Photo by Erik Christensen on Unsplash

Let me tell you about it — it is as if we saw a goldfinch
in the grasp of dusk, revealing its golden-trimmed aria
swooping, sweeping, swooning in some willowing waltz
and the children stopped to watch it, it and all its flock
and for the first time in days they were silent
they were as if the sun was too close and too far all at once
they burned and they ached and they smiled, smiled, smiled

Let me tell you about it — it is as if we found a body
the very next day: we saw it blinking…

Photo by Mishal Ibrahim on Unsplash

it is a lonely spirit, isn’t it?


you were the heft of pool
beneath its gravity —
sucked into a stomach of

I lost you there
in the undercurrents
but you had laid
yourself down like a

you told me
melancholy paints
a violent

that the songthrush sings
until the bruises calm
and the breath purples
dark into

I often think of the way you
spoke then — as if the seasons would not
come again

as if they were not so

do you remember his
small hand?
the way he skipped
with one foot


“The Twa Corbies” Arthur Rackham — “Some British Ballads” (1919)

a bullet is the tongue of fear

and an unkindness of ravens
will be slaughtered, for didn’t

you know? they are bad luck:
singed with the slick

of evil. and you ask why I
do not believe in words. they are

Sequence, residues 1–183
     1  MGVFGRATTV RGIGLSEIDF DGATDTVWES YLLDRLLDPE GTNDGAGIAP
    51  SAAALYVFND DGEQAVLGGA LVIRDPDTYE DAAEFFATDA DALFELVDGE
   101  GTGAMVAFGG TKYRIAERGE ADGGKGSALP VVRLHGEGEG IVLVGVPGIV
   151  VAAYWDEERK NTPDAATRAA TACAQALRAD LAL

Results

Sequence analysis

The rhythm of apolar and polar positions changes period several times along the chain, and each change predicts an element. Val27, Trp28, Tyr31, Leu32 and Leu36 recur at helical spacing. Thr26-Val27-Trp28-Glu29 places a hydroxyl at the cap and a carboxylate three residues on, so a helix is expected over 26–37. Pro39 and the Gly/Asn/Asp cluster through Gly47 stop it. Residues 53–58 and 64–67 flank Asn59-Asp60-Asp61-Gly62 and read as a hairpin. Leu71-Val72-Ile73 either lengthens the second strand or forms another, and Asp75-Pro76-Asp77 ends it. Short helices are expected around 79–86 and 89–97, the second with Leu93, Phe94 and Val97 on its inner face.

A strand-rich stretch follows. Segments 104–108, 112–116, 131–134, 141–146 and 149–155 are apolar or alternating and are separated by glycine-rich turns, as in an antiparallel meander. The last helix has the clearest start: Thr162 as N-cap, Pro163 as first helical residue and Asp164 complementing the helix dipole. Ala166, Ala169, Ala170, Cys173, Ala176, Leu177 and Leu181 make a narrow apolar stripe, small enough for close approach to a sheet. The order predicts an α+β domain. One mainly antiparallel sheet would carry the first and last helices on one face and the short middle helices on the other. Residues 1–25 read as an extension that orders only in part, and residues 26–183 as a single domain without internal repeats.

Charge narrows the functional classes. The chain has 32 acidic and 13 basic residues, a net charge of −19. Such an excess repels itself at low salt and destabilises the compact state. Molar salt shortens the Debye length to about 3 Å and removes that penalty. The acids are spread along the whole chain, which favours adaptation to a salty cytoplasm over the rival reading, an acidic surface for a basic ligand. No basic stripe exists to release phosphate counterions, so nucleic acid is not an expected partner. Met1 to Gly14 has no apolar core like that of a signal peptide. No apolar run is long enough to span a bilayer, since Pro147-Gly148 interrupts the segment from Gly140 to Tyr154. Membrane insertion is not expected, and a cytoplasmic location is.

did you ever see a dying cat?
claws drawn as if death could

bleed; as if death would reason
with flesh. you smile, smile, but

the world is at war and you
would not leave your child

without weapons. last summer a body
of a boy washed ashore, drowned in

a cradle of warm water. his little
hands were…

Photo by CHUTTERSNAP on Unsplash

I write sense until it bends me backwards — only the
snap of sinews can break me out of my burial

but I am not sure I want to escape. There are sweet
slivers of syrup here; the thin edge of passion, the soft

slip to somewhere else. We can tread the line of
daybreak but it will not keep us full. There are things

we remember to forget — like the way you turned
your smile into an alligator, all sneaking pounce and

gnashes of desire. Like the way I blossomed gods from the
wells I dug before I found…


Only the loneliest of lands leave you yearning

Author’s photo ©RH

Do you ever lay your hand against the trunk of a tree and imagine it
waking? A benediction for solidity, a prayer for some wiser

kind of life. Perhaps that is only my holy, for I do not know what is good
anymore. Who is god anymore. I spent Sunday worshipping in a church I

used to know. There I found a thousand years of windburn and
gnarled flesh curled by the hand of desolation. I laid down inside the

moss, inside the damp palm of that consecrated ground and I was lost, lost
in a cradle of swamp. …

She is a question mark in June.

Photo by Ramez E. Nassif on Unsplash

She is a question mark in June. She holds the days like they are newborn and she is not their mother. She is as strong as a full stop; as fragile as a rib-cage. If she is silent she is chasing birds beyond the sky again. She is September rain. She feels pain in the abstract. Everybody’s pain. She is church on New Year’s Eve and she is everyone’s resolution. She thinks (always) of revolution — within and without. She holds the moon on her tongue and says it tastes like sherbet. She could lead an army (I think only…


nocturnal poet, daytime biologist

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